I’ve become increasingly concerned by my inability to sit and read for any length of time. While there was a time, not that long ago, when I could sit for hours reading, the onset of middle age and my worrying addiction to Twitter has eroded that brain power and I now struggle to sit for very long without looking for something else to keep my attention. As Nicholas Carr famously wrote in 2008:
‘Now my concentration often starts to drift after two or three pages. I get fidgety, lose the thread, begin looking for something else to do. I feel as if I’m always dragging my wayward brain back to the text. The deep reading that used to come naturally has become a struggle.’ ‘Is Google Making Us Stupid?’
I’m not getting stupid. I’m just changing. And I don’t like it.
I recall my days living in Greece with not much to do but read. I would set my alarm for six in the morning and leave it by the kettle. In the morning I would switch the alarm off and the kettle on, returning to bed with a coffee and a book and read fifty pages. Without stopping. Every day. Then I’d go back to sleep. I ploughed through books. Now I can barely reach ten pages.
Since reading Thomas Newkirk’s ‘The Art of Slow Reading’ and Alan Jacobs’ ‘The Pleasure of Reading in an Age of Distraction’, I’ve thought very carefully about that change in the way my brain operates. Is it merely that I’m getting old or just too exhausted from work to spend as much time reading as I used to? I’ve decided that this summer I’ll test that out: I’ll try to rediscover that joy in sitting quietly, reading for pleasure, for long periods of time.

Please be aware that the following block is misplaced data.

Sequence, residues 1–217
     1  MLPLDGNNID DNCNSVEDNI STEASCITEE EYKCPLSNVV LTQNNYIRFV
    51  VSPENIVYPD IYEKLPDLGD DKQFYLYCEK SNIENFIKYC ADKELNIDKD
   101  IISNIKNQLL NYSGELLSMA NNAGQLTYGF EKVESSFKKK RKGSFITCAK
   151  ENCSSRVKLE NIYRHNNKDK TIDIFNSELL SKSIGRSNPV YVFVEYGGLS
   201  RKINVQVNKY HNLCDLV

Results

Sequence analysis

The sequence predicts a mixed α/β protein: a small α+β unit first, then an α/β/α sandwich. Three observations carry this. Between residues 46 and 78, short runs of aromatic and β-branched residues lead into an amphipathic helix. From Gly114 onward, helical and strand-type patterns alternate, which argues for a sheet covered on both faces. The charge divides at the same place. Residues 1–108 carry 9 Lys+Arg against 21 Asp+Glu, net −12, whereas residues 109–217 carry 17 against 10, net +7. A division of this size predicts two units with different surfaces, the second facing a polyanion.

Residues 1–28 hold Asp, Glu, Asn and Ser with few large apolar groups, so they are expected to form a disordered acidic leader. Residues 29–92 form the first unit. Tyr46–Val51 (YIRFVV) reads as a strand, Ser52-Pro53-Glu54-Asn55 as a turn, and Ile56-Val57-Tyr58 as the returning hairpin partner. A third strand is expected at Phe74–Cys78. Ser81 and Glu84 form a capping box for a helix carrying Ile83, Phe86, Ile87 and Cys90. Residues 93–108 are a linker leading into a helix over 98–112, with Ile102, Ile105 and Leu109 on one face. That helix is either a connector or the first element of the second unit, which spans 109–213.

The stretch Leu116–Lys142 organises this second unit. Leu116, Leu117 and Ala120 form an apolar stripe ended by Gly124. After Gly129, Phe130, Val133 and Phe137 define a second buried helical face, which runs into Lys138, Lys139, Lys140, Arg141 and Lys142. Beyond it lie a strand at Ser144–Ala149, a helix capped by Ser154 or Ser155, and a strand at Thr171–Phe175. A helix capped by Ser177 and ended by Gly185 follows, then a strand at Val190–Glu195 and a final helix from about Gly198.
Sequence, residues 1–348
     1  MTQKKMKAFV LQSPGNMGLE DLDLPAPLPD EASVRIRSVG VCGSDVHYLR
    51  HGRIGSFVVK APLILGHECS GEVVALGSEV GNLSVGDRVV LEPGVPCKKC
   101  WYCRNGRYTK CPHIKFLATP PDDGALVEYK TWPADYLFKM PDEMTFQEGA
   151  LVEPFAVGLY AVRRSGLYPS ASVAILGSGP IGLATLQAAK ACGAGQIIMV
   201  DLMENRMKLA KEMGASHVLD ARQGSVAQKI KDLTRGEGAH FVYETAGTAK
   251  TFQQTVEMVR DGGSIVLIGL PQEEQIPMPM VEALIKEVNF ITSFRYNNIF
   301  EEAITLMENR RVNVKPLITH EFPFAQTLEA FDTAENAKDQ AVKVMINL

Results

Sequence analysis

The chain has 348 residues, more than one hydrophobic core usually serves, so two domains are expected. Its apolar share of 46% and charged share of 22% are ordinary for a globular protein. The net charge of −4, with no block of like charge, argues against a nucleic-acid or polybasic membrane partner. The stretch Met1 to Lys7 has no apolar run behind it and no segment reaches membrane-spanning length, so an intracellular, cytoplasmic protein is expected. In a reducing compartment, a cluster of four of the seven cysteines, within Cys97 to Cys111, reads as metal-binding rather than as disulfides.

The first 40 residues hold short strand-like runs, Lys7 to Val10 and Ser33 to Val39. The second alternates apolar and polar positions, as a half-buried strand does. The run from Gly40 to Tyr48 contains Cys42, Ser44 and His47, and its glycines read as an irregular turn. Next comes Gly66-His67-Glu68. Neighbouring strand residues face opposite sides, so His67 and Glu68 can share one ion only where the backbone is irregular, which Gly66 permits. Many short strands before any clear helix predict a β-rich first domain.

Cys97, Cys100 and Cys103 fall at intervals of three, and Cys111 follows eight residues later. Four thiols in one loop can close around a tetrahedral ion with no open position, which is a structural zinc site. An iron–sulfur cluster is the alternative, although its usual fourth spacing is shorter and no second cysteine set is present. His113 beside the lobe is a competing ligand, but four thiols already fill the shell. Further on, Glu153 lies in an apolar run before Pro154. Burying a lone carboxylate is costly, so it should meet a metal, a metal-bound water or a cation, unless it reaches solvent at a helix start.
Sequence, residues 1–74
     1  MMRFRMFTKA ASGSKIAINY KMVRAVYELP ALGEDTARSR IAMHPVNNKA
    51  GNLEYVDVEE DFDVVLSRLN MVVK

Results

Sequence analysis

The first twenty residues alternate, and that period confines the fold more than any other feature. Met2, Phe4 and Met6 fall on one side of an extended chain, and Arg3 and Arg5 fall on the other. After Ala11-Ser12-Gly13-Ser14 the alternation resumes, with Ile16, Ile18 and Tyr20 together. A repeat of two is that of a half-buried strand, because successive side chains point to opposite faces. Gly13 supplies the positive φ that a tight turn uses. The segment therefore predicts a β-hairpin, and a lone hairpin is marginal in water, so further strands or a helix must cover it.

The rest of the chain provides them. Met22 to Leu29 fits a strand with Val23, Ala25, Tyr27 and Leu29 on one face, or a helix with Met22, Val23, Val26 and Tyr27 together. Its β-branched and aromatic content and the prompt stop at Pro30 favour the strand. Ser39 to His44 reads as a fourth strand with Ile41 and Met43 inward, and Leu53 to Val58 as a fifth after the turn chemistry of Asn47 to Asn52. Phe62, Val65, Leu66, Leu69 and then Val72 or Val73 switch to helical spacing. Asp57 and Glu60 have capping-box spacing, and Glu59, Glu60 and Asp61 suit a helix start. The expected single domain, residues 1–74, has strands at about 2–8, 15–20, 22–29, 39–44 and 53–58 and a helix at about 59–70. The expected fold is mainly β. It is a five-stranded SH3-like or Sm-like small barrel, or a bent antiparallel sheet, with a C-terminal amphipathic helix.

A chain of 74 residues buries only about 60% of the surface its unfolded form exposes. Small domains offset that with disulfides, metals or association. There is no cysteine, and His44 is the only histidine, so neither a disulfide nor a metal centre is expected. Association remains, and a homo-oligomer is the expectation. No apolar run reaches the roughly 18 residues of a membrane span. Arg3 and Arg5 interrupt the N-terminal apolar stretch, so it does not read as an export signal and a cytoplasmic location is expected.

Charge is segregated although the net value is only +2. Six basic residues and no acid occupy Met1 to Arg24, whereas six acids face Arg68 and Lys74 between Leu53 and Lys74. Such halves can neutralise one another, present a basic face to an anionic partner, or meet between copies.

I suppose ‘War and Peace’ might not be the best choice for the project. It’s fifteen hundred pages long, after all. So why this book? I suppose because this particular one has been a bit of a reading cliche in terms of literature of cerebral heft, perhaps the comedy symbol of intellectual achievement. I’m on the verge of a fairly significant birthday and I haven’t read it and know little about it apart from the fact that Tolstoy originally called it ‘War. What is it Good For?’ (Seinfeld fans will get the joke.)
However, as one hoping to return to being a serious reader, there is no better place to start than the Russian Masters. I can’t believe I once spent time reading and discussing Dostoevsky as I did in my twenties; or ravenously devouring Chekov’s stories. What happens to us? What happened to me?
So, on the first day of my summer holidays, I opened up my second hand copy of ‘War and Peace’ and began to read. Five pages here and there, not even making it to ten, I managed fifty pages yesterday. There appears to be a lot of parties and Twitter apparently has less characters, but it is beautifully written, of course. Today, I managed to read ten pages at a time and hope to get to page one hundred. The serious side to this might be to test myself as a reader once more. I read a lot of teen fiction for school and much of my free time is taken up with educational books. Serious literature often seems like part of my past now.
I’d like to be able to say, by my return to school, that I can sit down and read for an hour again without distractions. Perhaps ‘War and Peace’ will take me there. Perhaps it will lead me in an exciting new direction. But perhaps not.
It might not help that I’m also reading ‘Ulysses’, one page every day. It’s been on my shelf for years and is beginning to annoy me. Wish me luck.